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“My parents were deported.” An Op-Ed by Orange is the New Black Actress Diane Guerrero

In “Orange Is the New Black,” I play Maritza Ramos, a tough Latina from the ‘hood. In “Jane the Virgin,” I play Lina, Jane’s best friend and a funny know-it-all who is quick to offer advice.

I love both parts, but they’re fiction. My real story is this: I am the citizen daughter of immigrant parents who were deported when I was 14. My older brother was also deported.

My parents came here from Colombia during a time of great instability there. Escaping a dire economic situation at home, they moved to New Jersey, where they had friends and family, seeking a better life, and then moved to Boston after I was born.

Throughout my childhood I watched my parents try to become legal but to no avail. They lost their money to people they believed to be attorneys, but who ultimately never helped. That meant my childhood was haunted by the fear that they would be deported. If I didn’t see anyone when I walked in the door after school, I panicked.

And then one day, my fears were realized. I came home from school to an empty house. Lights were on and dinner had been started, but my family wasn’t there. Neighbors broke the news that my parents had been taken away by immigration officers, and just like that, my stable family life was over.

Not a single person at any level of government took any note of me. No one checked to see if I had a place to live or food to eat, and at 14, I found myself basically on my own.

While awaiting deportation proceedings, my parents remained in detention near Boston, so I could visit them. They would have liked to fight deportation, but without a lawyer and an immigration system that rarely gives judges the discretion to allow families to stay together, they never had a chance. Finally, they agreed for me to continue my education at Boston Arts Academy, a performing arts high school, and the parents of friends graciously took me in.

I was lucky to have good friends, but I had a rocky existence. I was always insecure about being a nuisance and losing my invitation to stay. I worked a variety of jobs in retail and at coffee shops all through high school. And, though I was surrounded by people who cared about me, part of me ached with every accomplishment, because my parents weren’t there to share my joy.

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So a friend talked with me about a Music Camp he was in, and I immediately thought of Camp Camp.

I don`t know why, but I`d like to think that Max is a child that would like playing the violin? But his parents had to high standards for him to reach, so his self-estem kinda went down the drain, even though he`s actually really good and enjoys playing!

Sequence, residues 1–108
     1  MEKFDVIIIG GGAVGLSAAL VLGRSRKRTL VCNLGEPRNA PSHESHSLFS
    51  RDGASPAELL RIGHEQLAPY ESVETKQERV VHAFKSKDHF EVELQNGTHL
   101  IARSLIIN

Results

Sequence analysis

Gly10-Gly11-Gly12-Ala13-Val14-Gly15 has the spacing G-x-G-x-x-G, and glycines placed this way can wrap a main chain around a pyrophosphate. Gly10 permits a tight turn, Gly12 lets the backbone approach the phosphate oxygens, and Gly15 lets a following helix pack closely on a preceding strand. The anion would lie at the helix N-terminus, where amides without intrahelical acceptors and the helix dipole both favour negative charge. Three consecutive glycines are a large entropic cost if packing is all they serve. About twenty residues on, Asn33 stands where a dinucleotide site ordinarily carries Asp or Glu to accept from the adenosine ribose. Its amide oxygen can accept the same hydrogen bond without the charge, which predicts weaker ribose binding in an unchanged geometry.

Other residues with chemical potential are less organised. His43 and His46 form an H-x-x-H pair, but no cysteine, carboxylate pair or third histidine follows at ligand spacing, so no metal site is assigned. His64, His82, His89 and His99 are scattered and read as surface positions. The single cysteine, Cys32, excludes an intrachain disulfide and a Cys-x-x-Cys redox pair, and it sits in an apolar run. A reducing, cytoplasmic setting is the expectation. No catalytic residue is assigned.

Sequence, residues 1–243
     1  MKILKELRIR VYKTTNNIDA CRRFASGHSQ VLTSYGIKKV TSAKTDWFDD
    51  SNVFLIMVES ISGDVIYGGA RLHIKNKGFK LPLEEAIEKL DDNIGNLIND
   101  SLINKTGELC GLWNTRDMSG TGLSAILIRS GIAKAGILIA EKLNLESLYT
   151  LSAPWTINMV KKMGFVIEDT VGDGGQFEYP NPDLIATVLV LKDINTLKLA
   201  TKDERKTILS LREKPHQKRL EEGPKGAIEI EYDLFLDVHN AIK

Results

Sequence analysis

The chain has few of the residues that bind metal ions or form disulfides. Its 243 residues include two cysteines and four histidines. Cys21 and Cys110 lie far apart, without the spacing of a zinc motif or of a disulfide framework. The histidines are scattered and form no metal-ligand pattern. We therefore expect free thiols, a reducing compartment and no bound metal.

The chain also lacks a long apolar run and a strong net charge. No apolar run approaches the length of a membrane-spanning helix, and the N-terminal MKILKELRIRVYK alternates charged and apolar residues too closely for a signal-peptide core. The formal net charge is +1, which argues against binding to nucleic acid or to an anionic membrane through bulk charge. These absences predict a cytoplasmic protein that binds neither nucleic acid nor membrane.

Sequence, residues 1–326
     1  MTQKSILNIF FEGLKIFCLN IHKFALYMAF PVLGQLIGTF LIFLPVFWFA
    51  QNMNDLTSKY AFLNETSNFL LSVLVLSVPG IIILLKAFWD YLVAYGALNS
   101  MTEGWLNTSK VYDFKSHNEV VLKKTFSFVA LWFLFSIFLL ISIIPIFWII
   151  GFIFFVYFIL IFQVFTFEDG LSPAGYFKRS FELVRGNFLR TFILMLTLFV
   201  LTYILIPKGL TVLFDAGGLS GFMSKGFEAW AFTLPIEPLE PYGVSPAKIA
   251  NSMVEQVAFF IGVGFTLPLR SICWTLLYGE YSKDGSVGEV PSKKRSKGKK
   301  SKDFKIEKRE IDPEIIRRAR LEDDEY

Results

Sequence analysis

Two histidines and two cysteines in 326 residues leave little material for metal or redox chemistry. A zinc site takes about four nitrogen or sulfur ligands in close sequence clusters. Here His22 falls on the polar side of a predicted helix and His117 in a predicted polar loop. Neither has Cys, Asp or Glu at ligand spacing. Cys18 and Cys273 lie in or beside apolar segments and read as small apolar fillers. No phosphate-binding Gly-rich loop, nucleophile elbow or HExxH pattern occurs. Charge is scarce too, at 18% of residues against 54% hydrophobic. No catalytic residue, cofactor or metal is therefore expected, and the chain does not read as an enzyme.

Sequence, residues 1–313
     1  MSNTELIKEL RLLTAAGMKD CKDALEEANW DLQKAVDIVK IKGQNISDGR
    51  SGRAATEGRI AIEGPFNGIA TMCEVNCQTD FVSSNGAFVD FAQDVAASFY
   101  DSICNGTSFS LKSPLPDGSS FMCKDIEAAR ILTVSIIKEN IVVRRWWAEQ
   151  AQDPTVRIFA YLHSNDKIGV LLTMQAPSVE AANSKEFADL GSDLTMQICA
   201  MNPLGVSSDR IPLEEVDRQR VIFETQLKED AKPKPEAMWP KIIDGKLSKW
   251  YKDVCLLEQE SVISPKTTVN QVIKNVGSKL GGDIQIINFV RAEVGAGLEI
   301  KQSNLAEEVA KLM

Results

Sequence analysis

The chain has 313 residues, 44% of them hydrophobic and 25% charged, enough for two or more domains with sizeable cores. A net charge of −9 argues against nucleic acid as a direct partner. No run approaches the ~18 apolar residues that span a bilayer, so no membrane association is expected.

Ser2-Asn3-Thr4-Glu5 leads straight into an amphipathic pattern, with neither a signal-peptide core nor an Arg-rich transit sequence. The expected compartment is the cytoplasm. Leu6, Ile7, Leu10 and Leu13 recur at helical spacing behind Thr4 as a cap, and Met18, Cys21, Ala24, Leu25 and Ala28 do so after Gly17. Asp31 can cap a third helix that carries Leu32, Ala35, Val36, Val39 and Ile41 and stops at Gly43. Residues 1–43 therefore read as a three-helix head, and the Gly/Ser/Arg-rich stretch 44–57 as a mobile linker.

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Jackson fixing a haphazardly thrown piece of clothing in Thai marketplace

There are films that nail you to your seat and overwhelm you, to the point that you forget everything, but you feel cheated later. These are the films that take you hostage. I prefer films that put their audience to sleep. Some films have made me doze off, but the same films have made me stay up at night. I wake up thinking about them and keep on thinking about them for weeks. Those are the kinds of films I like.
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Today has been incredibly shocking and heartbreaking. A lot of people who aren’t part of the LGBTQ+ community may not fully grasp the gravity of what happened. Personally having this happen so close to home, at a club where friends of mine have frequented, has completely shaken me. I now struggle with the idea of feeling safe in my own community. When society ostracizes us we are forced to create our own community, but now that community has been compromised and its an incredibly unnerving feeling. I know that eventually I’ll move on from this and find peace with the situation, but for 50+ of my brothers and sisters that is not an option. I’ve attached some of the tweets that have really stuck with me throughout the day and while I’ve been reflecting on what happened and what it truly means for me. I hope that some of you will be able to read this and possibly gain a new perspective and understanding when trying to understand and empathize with your LGBTQ+ friends, family, and coworkers.

1780. A muggleborn bringing their pure-blood friend home for the holidays, where they use the internet constantly. The pure-blood gets interested and asks what it is, and soon becomes absorbed. Once they find out that they can’t use it at Hogwarts because it’s muggle tech, they start a movement towards creating a magic-friendly internet.

You want the truth? Well, here it is. Eventually, you forget it all. First you forget everything you learned – the dates of wars and the Pythagorean Theorem. You especially forget everything you didn’t really learn, but just memorized the night before. You forget the names of all but one or two of your favorite teachers, and eventually you forget those, too. You forget your junior year class schedule and where you used to sit and your best friend’s home phone number and the lyrics to that song you must have played a million times. And eventually, but slowly, you forget your humiliations. Even the ones that seemed indelible just fade away. You forget who was cool and who was not, who was pretty, smart, athletic, and not. Who went to a good college. Who threw the best parties. Who had the most friends. You forget all of them. Even the ones you said you loved. And the ones you actually did. They’re the last to go. And then once you’ve forgotten enough, you love someone else.